Xiaofeng Guo, assistant professor of chemistry at the University of Washington, is part of a national team of scientists that recently received $39 million in funding to develop market-ready technologies to increase domestic supply of critical elements needed for the clean energy transition.
The Department of Energy will support 16 projects across 12 states to develop commercially scalable technologies to increase domestic supply of copper, nickel, lithium, cobalt, rare earths and other critical elements.
The goal of Guo’s project, “Carbon Dioxide Capture, Storage, and Essential Element Recovery in Red Clay Mine Waste,” is to use critical carbon dioxide to extract essential elements, especially rare earth elements, from aluminum production waste (red clay).
The project is led by Xin Zhang, a chemical engineer at the Pacific Northwest National Laboratory (PNNL) in Richland, Washington, and Guo’s doctoral advisor and Arizona State University professor Alexandra Nawrotsky, a donor to WSU’s Alexandra Nawrotsky Institute for Experimental Thermodynamics.
“We are excited to work with PNNL and ASU to develop a thermodynamic database of rare earth carbonate species through data mining, spectroscopic and solubility studies under critical CO2 conditions,” Guo said. “The established database will support understanding of the extraction and separation of rare earths from red mud.”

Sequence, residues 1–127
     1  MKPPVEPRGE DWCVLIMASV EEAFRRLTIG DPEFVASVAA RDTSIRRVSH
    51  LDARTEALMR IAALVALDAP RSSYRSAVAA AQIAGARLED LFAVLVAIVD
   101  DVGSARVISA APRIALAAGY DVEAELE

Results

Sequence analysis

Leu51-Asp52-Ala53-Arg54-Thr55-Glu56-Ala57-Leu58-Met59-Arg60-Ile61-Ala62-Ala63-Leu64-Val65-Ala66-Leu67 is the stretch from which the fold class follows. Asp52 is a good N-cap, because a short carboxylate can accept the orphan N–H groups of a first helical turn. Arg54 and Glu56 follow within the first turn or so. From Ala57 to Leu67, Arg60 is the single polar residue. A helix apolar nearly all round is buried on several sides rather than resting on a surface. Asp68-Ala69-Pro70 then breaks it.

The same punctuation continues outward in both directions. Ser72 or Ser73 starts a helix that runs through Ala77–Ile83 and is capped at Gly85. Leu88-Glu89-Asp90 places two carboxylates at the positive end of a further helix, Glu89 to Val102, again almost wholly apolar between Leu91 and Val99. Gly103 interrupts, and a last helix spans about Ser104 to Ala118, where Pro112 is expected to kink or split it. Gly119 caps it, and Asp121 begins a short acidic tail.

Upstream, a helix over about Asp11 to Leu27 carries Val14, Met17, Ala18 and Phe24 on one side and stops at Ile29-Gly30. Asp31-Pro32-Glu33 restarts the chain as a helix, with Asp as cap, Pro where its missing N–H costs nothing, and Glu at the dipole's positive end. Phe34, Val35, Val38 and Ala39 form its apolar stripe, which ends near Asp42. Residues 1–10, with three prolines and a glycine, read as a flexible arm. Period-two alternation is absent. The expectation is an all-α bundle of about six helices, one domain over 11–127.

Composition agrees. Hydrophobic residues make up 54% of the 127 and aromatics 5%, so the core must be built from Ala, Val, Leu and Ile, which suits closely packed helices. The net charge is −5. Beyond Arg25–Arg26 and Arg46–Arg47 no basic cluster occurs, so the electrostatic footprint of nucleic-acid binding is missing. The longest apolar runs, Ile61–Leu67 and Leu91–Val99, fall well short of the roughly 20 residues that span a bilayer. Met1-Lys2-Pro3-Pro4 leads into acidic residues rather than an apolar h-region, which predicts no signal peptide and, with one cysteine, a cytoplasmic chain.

Red mud is a common industrial waste rich in useful elements such as rare earth elements needed to make electric vehicle batteries, solar cells and other clean energy technologies. The critical role of rare earths in clean energy and other high-tech industries has led to an increase in demand that is rapidly outstripping the world’s known supply.
The work of Guo and his colleagues will help to provide essential fundamental knowledge for optimizing the extraction and separation of rare earth elements from red clay. The project will ultimately help reduce the carbon footprint of the economy of the future by displacing today’s highly toxic acid leaching processes.
DOE funding for the project is part of ARPA-E Mining Innovations for the Recovery of Negative Emission Resources (MINER) program aimed at developing market-ready technologies to increase domestic supply of critical elements needed for the clean energy transition.